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dc.contributor.authorMariño-Ramírez, Leonardoen_US
dc.contributor.authorJordan, I. Kingen_US
dc.date.accessioned2011-12-13T21:15:04Z
dc.date.available2011-12-13T21:15:04Z
dc.date.issued2006-07-20
dc.identifier.citationMariño-Ramírez, L. and I.K. Jordan, 2006. Transposable element derived DNaseI-hypersensitive sites in the human genome. Biol. Direct 1:20en_US
dc.identifier.issn1745-6150
dc.identifier.urihttp://hdl.handle.net/1853/42105
dc.description© 2006 Mariño-Ramírez and Jordan; licensee BioMed Central Ltd. This is an Open Access article distributed under the terms of the Creative Commons Attribution License (http://creativecommons.org/licenses/by/2.0), which permits unrestricted use, distribution, and reproduction in any medium, provided the original work is properly cited.en_US
dc.descriptionDOI: 10.1186/1745-6150-1-20en_US
dc.description.abstractBackground: Transposable elements (TEs) are abundant genomic sequences that have been found to contribute to genome evolution in unexpected ways. Here, we characterize the evolutionary and functional characteristics of TE-derived human genome regulatory sequences uncovered by the high throughput mapping of DNaseI-hypersensitive (HS) sites. Results: Human genome TEs were found to contribute substantially to HS regulatory sequences characterized in CD4+ T cells: 23% of HS sites contain TE-derived sequences. While HS sites are far more evolutionarily conserved than non HS sites in the human genome, consistent with their functional importance, TE-derived HS sites are highly divergent. Nevertheless, TE-derived HS sites were shown to be functionally relevant in terms of driving gene expression in CD4+ T cells. Genes involved in immune response are statistically over-represented among genes with TE-derived HS sites. A number of genes with both TE-derived HS sites and immune tissue related expression patterns were found to encode proteins involved in immune response such as T cell specific receptor antigens and secreted cytokines as well as proteins with clinical relevance to HIV and cancer. Genes with TE-derived HS sites have higher average levels of sequence and expression divergence between human and mouse orthologs compared to genes with non TE-derived HS sites. Conclusion: The results reported here support the notion that TEs provide a specific genomewide mechanism for generating functionally relevant gene regulatory divergence between evolutionary lineages.en_US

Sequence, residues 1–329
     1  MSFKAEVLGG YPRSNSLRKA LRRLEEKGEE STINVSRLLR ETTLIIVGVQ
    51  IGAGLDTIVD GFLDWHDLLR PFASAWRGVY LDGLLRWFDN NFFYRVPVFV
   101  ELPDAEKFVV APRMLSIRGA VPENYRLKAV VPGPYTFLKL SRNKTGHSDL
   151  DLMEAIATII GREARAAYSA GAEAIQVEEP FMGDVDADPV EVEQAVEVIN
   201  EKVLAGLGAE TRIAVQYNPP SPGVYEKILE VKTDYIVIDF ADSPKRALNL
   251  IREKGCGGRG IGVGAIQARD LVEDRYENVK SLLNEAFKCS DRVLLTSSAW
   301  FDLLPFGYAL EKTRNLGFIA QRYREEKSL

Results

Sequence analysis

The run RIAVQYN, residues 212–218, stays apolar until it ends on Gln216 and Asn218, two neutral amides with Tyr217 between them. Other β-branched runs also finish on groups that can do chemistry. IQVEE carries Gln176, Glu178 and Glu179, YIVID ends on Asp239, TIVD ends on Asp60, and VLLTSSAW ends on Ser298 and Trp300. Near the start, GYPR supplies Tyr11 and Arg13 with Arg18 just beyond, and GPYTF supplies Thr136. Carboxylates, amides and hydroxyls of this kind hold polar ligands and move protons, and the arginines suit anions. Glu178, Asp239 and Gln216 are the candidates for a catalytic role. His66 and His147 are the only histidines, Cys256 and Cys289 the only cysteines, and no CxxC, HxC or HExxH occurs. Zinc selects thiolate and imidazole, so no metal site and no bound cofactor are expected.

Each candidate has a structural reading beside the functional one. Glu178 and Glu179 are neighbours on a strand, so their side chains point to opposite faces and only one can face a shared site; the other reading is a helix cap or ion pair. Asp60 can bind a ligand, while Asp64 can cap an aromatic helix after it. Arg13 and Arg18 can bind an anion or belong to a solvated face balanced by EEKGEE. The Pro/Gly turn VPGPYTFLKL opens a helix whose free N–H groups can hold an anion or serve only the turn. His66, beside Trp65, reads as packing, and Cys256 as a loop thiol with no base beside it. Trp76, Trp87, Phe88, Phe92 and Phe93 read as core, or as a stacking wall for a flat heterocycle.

dc.language.isoen_USen_US
dc.publisherGeorgia Institute of Technologyen_US
dc.subjectTransposable elementsen_US
dc.subjectTEsen_US
dc.subjectGenome evolutionen_US
dc.subjectGene regulatory divergenceen_US
dc.titleTransposable element derived DNaseI-hypersensitive sites in the human genomeen_US
dc.typeArticleen_US
dc.contributor.corporatenameGeorgia Institute of Technology. School of Biologyen_US
dc.contributor.corporatenameNational Institutes of Health (U.S.)en_US
dc.contributor.corporatenameNational Center for Biotechnology Information (U.S.)en_US
dc.publisher.originalBioMed Centralen_US
dc.identifier.doi10.1186/1745-6150-1-20


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